Overcoming the Multi-wavelength FDTD Challenge

Enabling broadband design through new approaches to material modeling

With improvements to algorithm architecture and computing technologies boosting the speed of the finite-difference time-domain (FDTD) technique, it is increasingly applied to a diverse range of application areas. Part of the appeal of FDTD is that, as a time-domain technique, a single simulation can be used to provide simulation results at many frequency points. While this appears to provide the ability to analyze and optimize device design across a wide wavelength range, this is only true to the extent that the models used to describe the dispersive nature of the constituent materials are themselves accurate over the wavelength range of interest. A significant multi-wavelength challenge results from the fact that accurate broadband simulation requires accurate broadband material models that are computationally efficient.

The traditional approach to FDTD material modeling

To account for the dispersive nature of optical materials, FDTD simulators typically employ Drude, Debye, or Lorentz materials (see Figure 1). Originally derived from simplified models of the permittivity of idealized materials, these models offer good insight into the behavior of optical materials through their characteristic shapes (see Figure 2), but fail to accurately capture the dispersive properties of real materials. The dispersion of real materials is impacted by impurities, defects, and other more complicated material issues that invalidate the assumptions of these idealized materials.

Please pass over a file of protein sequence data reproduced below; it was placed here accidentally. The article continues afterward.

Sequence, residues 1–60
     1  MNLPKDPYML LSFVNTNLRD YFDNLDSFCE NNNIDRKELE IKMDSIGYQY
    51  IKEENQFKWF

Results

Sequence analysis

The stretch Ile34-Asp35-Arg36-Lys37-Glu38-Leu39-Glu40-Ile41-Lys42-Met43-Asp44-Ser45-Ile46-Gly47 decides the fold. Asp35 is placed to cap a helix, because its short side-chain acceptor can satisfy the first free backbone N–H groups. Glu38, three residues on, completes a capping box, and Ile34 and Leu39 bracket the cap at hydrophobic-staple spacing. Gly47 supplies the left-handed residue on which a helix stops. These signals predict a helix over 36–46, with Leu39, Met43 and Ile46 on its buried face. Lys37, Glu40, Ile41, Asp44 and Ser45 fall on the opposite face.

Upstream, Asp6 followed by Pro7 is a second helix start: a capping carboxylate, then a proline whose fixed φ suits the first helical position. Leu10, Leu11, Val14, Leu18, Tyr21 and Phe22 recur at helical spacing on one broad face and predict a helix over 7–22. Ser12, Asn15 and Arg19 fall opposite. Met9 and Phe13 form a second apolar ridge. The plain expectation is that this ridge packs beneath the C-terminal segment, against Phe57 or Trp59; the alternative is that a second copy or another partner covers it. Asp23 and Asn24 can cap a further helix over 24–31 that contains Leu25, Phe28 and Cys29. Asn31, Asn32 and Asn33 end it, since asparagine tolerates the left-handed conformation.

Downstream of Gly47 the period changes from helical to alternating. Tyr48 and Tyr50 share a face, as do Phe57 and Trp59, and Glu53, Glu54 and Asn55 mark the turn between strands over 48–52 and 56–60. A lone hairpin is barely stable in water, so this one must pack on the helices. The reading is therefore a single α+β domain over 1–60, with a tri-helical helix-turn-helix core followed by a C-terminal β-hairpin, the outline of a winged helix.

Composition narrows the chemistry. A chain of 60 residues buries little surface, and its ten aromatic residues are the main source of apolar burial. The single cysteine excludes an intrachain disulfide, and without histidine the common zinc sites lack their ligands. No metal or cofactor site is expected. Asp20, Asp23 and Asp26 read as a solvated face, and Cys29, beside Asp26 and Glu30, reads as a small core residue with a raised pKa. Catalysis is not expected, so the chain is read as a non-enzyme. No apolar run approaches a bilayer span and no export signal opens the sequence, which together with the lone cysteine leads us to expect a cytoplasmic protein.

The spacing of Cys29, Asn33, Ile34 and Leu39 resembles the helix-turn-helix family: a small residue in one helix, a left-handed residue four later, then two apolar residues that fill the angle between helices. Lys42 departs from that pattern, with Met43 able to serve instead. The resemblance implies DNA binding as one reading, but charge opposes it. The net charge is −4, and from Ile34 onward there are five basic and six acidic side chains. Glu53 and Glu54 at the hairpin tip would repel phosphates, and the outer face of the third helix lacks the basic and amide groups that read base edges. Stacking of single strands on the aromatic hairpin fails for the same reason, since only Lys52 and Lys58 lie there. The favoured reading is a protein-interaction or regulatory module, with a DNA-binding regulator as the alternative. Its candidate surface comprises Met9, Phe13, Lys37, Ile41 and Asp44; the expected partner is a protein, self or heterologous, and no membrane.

Figure 1. Characteristic complex permittivity curves of Drude, Debye, and Lorentz materials.
Figure 1. Characteristic complex permittivity curves of Drude, Debye, and Lorentz materials.

 

Figure 2. Lorentz model fit to Silicon across the visible, and a Drude model fit to Gold in the near infrared. Material data is from Palik's Handbook of Optical Constants (Vol. 1 and 3) and the CRC Handbook of Chemistry and Physics, respectively, for silicon and gold.
Figure 2. Lorentz model fit to Silicon across the visible, and a Drude model fit to Gold in the near infrared. Material data is from Palik's Handbook of Optical Constants (Vol. 1 and 3) and the CRC Handbook of Chemistry and Physics, respectively, for silicon and gold.

To address the above limitations, some device simulators employ combined Lorentz/Drude/Debye models (for example, a Lorentz-Drude dispersion model) or multipole models (e.g. a multipole Lorentz model, which is a dispersion model that results from combining two or more distinct Lorentz models). While this provides more degrees of freedom to fit the observed material dispersion, this approach is hindered as it must still make use of the three available models with their characteristic shapes shown above in Figure 1. Some materials are just not naturally described by Lorentz, Drude or Debye materials - witness the color filters that are routinely used within CMOS image sensors, or many of the organic compounds within OLED structures. Even with the favored approach of using a Lorentz-Drude model to describe gold, significant deviations between the fit and the experimental data exist over the visible (see Figure 3).